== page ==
The stats are just incredible for the Ferrari SF90 Stradale. After that 390kg downforce number, try a few of these for size: it packs 1,000hp overall; the power-to-weight ratio is 637hp-per-tonne; and it'll do 0-200km/h in 6.7 seconds. Does that last one sound a bit tame? Look again: that's 0-200km/h, not 0-100km/h (which, incidentally, the SF90 will dispatch in a mere 2.5 seconds). Good. Grief.

It achieves all these because it pairs a 4.0-litre twin-turbo V8, rated at 780hp (the highest output of any Ferrari eight-cylinder in history), with another 220hp from three electric motors: one at the rear, known as the Motor Generator Unit, Kinetic (MGUK, an F1 application), which is mounted between the engine and the new eight-speed wet-dual-clutch transaxle gearbox; and another two on the front axle. And yes, if you're reading between the lines, that means the SF90 Stradale is four-wheel drive, which is about the only way such ferocious power (and torque, of which there's fully 800Nm at 6,000rpm, with a brief boost to 900Nm possible) could safely be deployed to the tarmac.

Those twin front electric motors, which handle all drive to the leading axle, can also split torque from side-to-side in a vectoring set-up, which Ferrari calls the RAC-e (electronic cornering set-up regulator). This feature alone is said to make driving the SF90 on the limit 'much simpler and easier'. Obviously, tech like this and the PHEV gear means increased weight, so the multi-material construction of the SF90 includes plenty of the favoured carbon fibre to keep the weight down - a dry weight of 1,570kg is quite remarkable, all things considered. Cleverly enough, reverse gear has been stripped out of the gearbox and is now a function of the front electric motors, which means the SF90 will move backwards silently; it also has an all-electric range of 25km and a maximum e-speed of 135km/h.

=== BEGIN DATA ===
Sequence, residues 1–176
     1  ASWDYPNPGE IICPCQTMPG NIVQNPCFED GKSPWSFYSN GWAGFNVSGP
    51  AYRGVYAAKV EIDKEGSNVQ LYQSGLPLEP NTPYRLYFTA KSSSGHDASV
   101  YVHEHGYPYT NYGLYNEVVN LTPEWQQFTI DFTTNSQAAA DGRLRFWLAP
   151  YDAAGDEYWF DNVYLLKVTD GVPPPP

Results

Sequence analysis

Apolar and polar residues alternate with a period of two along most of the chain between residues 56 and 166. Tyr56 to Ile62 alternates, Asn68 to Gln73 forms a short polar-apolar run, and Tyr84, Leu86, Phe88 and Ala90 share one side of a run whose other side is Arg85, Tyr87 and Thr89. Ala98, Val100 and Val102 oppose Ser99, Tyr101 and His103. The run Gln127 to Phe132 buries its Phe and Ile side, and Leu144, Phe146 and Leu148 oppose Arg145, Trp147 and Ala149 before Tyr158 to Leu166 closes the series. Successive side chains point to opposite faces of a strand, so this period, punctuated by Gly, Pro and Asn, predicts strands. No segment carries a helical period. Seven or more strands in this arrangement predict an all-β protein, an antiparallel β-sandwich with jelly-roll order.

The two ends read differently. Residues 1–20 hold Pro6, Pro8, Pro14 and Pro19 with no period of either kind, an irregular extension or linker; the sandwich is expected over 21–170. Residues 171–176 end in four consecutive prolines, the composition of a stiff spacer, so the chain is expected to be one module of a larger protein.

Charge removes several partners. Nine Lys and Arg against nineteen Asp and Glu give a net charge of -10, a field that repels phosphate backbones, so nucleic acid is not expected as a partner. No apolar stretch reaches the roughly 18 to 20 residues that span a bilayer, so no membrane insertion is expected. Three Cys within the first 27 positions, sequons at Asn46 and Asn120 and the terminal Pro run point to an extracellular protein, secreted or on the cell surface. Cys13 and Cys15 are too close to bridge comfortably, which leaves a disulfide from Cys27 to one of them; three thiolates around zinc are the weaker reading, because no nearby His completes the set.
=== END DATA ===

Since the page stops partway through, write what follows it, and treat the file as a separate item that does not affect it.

Keeping all this on the straight and narrow are technologies like electronic Side Slip Control (eSSC) with electric Traction Control (eTC), a brake-by-wire system with ABS and EBD, full Torque Vectoring (as mentioned earlier) and the four-wheel-drive set-up. With brakes that can stop the SF90 Stradale in less than 29.5 metres, and a top speed of 340km/h, this startling new Ferrari has lapped the company's Fiorano test track in a scorching 1m 19s. Cripes!

Anything else?

The Ferrari SF90 Stradale will come with a seven-year maintenance programme, which means an owner has to pay nothing to the upkeep aside from the usual consumables. Its name comes from the fact it's the 90th anniversary of the foundation of Scuderia Ferrari, the brand's racing division, and there will be an Assetto Fiorano specification for owners who want their 1,000hp PHEV to be even more sports-oriented - this includes GT racing-derived Multimatic shock absorbers, extra lightweight features made from high-performance materials such as carbon-fibre (door panels, underbody) and titanium (springs, entire exhaust line), resulting in a weight-saving of 30kg, and Michelin Pilot Sport Cup 2 tyres. It will also debut a new 'keyless tech' ignition key which will be introduced across the rest of the Ferrari range, which is personalised with the model's name and which sits in a special compartment in the central tunnel of the cabin.


Published on May 29, 2019
Written by